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Sophie Cameron

Features and Opinion Editor, Solicitors Journal

Solicitors Regulation Authority publishes actions to ensure solicitor competence

Solicitors Regulation Authority publishes actions to ensure solicitor competence


SRA responds to LSB Statement of Policy on ongoing competence  

The UK Solicitors Regulation Authority (SRA) has published a progress report and action plan on the steps it is taking to make sure that solicitors comply with their responsibilities. The report has been issued in response to the Legal Services Board’s (LSB) July 2022 Statement of Policy on the ongoing competence of legal professionals.

The LSB’s statutory Statement of Policy, which was published on 28 July 2022, details the outcomes that legal services regulators are required to meet to ensure that lawyers and solicitors have the necessary skills and knowledge, attributes and behaviours, in order to provide quality legal services.   

The SRA’s progress report sets out the action it has taken to meet the four outcomes set by the LSB to ensure the ongoing competence of the individuals it regulates. The actions taken include: setting standards of competence in the Statement of Solicitor Competence; collecting evidence and identifying areas where competence may need to be improved and responding in a targeted way through proactive regulatory work; intervening where concerns are identified about standards of competence across the profession, or in specific areas; responding to individual cases of incompetence on a case-by-case basis by considering the seriousness of the case and any mitigating and aggravating factors; and taking remedial and enforcement action, such as requiring training or enhanced supervision, where appropriate. 

Going forward, the SRA plans to measure the impact of its Statement of Solicitor Competence and publish an annual determination of competence identifying the most significant risks, which will inform its regulatory approach. The SRA progress report outlines specific actions it will take as it refines and broadens its approach, including: continue to build the bank of resources to help legal professionals understand the SRA’s approach and the key risks in relation to maintaining competence, which will include new best practice examples of how different types of solicitor and firms meet their obligations and regulatory case studies on how and when enforcement action for incompetence is taken; develop thematic reviews to target areas where competence is an identified risk and uncover other competence-related risks that need to be addressed; continue to review training records, focusing on high-risk areas that have been identified (for example, immigration advice and services); pilot a proactive, risk-based approach to identifying and following up with firms, where our data and information shows they may not be meeting the SRA’s competence standards.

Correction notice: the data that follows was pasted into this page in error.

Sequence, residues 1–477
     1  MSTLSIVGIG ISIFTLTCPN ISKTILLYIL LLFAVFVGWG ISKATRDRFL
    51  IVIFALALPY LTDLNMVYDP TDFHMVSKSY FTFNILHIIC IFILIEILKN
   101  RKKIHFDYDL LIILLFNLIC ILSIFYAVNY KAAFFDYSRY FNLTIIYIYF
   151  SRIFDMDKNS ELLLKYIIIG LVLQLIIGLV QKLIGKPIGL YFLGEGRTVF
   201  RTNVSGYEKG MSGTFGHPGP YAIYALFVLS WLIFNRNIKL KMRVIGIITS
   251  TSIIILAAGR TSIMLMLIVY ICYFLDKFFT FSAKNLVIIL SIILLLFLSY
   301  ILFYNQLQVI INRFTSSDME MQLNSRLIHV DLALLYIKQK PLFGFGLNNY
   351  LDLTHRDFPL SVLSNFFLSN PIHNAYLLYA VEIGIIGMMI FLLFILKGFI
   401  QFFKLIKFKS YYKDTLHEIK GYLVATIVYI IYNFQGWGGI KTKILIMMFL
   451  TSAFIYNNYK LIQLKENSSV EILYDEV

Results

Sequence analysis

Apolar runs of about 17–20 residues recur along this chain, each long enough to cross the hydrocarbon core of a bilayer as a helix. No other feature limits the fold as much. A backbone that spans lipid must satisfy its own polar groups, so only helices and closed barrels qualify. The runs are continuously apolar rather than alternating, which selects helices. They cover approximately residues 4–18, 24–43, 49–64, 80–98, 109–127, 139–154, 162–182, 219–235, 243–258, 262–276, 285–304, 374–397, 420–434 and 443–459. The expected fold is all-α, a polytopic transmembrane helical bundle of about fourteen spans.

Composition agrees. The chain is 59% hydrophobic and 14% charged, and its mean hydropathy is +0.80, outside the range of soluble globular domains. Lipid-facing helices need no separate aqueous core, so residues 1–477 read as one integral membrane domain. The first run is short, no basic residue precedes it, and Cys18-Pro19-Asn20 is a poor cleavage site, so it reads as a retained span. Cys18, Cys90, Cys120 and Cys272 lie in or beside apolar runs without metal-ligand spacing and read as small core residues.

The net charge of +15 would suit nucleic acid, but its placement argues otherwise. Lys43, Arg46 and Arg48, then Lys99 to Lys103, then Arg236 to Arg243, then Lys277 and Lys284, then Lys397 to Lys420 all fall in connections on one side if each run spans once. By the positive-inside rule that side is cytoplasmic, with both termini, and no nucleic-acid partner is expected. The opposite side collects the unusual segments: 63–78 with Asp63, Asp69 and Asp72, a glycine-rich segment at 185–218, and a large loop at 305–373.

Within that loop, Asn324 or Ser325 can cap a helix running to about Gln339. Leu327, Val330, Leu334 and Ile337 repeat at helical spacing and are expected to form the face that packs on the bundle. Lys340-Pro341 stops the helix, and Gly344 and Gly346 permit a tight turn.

Paul Philip, Chief Executive of the SRA, said: “We expect the profession to deliver a high standard of service to those who need their help. That means we must make sure that solicitors and the employees of firms we regulate have up-to-date skills, knowledge and behaviours. During 2023, we will further improve how we identify solicitors and firms who are not meeting our expectations and work with individual solicitors and firms where we have concerns about competence. We will take enforcement action where necessary to protect consumers where standards fall short.” 

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